Welcome to Eat Well Every Day

Welcome to Eat Well Every Day!

I've spent years researching nutritional information, food ideas and recipes, because cooking and eating - especially with family & friends - are some of life's great pleasures. And guess what- healthy food doesn't have to be boring! It can be exciting and delicious!


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Saturday, December 17, 2011

More Gluten-free Festive Baking

I finally got my act together and made two batches of Burnt Butter Crisps, complete with the chocolate dollop on top. Here they are:

A colleague was talking about gluten-free biscotti, and I remembered I had a recipe for Christmas almond bread, which really is biscotti with an English name. Here’s the recipe:

Christmas Almond Bread

Like the Piparkakut, this needs forward planning, as the bread rests for a week before the final baking It may be too late for Christmas Day, but you can have it ready for Boxing Day, as something not sweet or chocolaty. Or as a New Year’s Eve nibble to go with the bubbly.

4 egg whites
125 grams (4 oz) caster sugar (superfine white sugar)
125 grams (4 oz) plain (all-purpose) flour, sifted
125 grams (4 oz) whole blanched almonds

Beat the egg whites until stiff, stir in the sugar, and beat well, like making meringue. Fold in the flour and the almonds.

Bake in a greased and lined loaf tin at 180C (350F), for 30 minutes, or until a skewer poked in the centre comes out clean. Turn out onto a cooling rack, and when completely cold, wrap in a clean tea towel or foil and store in the pantry for a week.

With a very sharp knife, slice the loaf as thinly as you can. Cut each slice into fingers. Spread on a baking tray and toast in a low oven (66C, 150F) for about 20 minutes until pale golden and crisp. Store in an airtight tin. These keep for a long time, unless all eaten over the holiday weekend!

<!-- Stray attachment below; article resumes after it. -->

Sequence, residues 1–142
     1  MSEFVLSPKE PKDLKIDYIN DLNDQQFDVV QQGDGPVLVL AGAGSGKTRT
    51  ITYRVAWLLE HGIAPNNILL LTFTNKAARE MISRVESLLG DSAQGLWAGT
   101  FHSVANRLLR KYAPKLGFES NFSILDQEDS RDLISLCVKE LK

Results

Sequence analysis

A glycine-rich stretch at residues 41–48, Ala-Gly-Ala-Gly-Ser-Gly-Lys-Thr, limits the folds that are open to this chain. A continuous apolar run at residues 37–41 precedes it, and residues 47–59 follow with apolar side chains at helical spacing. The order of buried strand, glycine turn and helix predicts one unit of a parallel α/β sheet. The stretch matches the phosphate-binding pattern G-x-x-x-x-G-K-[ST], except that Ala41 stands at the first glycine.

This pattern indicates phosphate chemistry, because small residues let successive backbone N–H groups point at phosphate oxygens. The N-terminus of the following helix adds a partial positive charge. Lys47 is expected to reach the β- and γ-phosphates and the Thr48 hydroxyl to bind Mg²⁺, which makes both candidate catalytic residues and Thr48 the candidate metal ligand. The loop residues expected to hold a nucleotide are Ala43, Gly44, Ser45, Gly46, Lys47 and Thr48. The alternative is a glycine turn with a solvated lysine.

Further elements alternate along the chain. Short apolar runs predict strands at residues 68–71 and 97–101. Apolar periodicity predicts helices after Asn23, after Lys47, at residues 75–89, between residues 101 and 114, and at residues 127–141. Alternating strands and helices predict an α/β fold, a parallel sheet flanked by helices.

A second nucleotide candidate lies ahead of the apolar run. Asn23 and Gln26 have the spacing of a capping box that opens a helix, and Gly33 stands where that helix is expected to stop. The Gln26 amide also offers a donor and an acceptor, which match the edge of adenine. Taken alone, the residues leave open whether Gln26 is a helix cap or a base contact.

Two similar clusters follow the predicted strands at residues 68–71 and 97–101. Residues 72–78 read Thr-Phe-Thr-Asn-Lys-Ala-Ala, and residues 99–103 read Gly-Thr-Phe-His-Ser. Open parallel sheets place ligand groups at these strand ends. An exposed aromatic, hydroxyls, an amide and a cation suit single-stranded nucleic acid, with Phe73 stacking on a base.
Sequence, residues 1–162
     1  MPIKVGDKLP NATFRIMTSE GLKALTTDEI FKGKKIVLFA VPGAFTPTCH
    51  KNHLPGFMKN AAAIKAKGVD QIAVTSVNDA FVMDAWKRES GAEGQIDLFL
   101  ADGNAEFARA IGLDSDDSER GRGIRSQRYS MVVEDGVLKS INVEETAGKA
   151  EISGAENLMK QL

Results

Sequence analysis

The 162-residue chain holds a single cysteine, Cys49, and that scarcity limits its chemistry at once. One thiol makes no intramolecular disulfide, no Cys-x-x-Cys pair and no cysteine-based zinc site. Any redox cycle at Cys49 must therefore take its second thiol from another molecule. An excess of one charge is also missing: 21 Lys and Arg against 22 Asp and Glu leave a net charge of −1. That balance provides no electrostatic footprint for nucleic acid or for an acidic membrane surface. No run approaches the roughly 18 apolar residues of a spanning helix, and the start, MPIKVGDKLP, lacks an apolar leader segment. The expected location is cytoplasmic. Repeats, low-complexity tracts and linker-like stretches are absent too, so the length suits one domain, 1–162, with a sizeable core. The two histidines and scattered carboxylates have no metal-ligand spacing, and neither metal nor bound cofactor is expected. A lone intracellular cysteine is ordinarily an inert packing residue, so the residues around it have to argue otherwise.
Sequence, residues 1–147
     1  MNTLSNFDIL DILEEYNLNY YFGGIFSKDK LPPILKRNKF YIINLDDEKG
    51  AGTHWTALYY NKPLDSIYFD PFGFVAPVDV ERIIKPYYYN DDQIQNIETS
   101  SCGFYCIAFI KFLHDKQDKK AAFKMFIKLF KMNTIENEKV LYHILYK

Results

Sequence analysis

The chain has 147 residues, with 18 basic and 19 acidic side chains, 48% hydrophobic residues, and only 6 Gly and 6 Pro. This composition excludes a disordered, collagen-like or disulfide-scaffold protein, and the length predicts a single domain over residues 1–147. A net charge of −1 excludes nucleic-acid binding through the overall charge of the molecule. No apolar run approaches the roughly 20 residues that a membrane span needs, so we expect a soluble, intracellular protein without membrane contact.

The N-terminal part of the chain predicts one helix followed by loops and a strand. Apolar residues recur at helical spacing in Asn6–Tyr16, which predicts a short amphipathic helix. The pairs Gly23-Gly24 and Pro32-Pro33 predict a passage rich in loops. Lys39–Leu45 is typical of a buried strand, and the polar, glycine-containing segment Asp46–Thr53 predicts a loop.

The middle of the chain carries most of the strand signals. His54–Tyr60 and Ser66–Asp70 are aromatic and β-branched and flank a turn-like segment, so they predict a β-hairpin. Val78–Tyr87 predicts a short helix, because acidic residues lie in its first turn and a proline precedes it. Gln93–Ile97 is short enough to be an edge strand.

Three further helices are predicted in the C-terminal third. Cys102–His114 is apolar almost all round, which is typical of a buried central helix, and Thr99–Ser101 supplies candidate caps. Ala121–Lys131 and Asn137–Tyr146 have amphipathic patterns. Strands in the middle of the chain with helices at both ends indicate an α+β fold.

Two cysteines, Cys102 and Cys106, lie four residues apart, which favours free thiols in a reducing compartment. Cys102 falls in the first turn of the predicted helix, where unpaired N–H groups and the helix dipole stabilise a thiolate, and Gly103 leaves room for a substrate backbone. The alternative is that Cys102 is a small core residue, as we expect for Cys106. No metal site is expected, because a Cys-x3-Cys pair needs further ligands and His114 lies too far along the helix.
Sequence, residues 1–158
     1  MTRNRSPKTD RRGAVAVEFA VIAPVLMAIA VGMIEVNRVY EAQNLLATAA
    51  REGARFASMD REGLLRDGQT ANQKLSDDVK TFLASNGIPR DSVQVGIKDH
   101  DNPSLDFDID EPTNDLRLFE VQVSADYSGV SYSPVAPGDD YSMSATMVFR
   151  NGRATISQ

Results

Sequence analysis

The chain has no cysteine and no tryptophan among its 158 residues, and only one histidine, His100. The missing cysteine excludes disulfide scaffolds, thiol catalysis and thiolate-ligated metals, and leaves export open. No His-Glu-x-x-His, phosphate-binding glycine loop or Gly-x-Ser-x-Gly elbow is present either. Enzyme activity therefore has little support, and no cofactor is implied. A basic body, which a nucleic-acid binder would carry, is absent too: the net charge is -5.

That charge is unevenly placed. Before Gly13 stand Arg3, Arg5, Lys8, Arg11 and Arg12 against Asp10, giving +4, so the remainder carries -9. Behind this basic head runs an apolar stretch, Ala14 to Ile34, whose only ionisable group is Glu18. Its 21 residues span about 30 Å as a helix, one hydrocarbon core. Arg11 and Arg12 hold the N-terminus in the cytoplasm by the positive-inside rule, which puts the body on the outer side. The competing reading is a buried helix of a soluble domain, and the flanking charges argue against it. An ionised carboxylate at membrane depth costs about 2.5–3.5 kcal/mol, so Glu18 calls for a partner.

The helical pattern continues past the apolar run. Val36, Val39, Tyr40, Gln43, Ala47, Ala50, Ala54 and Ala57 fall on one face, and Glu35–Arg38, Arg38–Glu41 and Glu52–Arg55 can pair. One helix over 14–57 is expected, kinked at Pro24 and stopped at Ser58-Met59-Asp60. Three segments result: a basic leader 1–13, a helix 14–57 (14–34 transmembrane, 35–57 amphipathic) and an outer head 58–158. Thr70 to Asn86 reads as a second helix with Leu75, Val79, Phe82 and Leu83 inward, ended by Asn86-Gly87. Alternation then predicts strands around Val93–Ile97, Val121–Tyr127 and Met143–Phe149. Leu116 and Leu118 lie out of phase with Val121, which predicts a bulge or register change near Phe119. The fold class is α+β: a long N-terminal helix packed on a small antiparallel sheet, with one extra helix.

Have a wonderful festive season! More good food ahead in 2012.

Saturday, December 10, 2011

Gluten-free Christmas Goodies

I was all fired up for a session of baking Christmas biscuits – not cookies, because these spicy delights are crisp and slightly chewy, not soft and cakey. But I ran into a problem, or rather two:

1: I couldn’t decide between making the Finnish ginger snaps (Piparkakut), which recipe I pulled from someone else’s cooking blog a few years ago, or my daughter’s variation on burnt butter crisps.
2: I didn’t have all the ingredients needed for the Piparkakut, nor enough gluten-free flour and sugar for both. Drat!

So, instead, I’ll give you the recipes for both, and after I’ve been to the supermarket and bought supplies, I’ll post a photo of whichever Christmas biscuit I decide to bake. They are very easy to make, and both recipes work well with gluten-free flour.

These spicy biscuits are perfect as little gifts, or just another sweet nibbly on the Christmas table. I’m not sure if they’re suitable for Hannukah, but if they are, that’s great. They’re also lovely at other festive occasions, or just for when you want something sweet and spicy.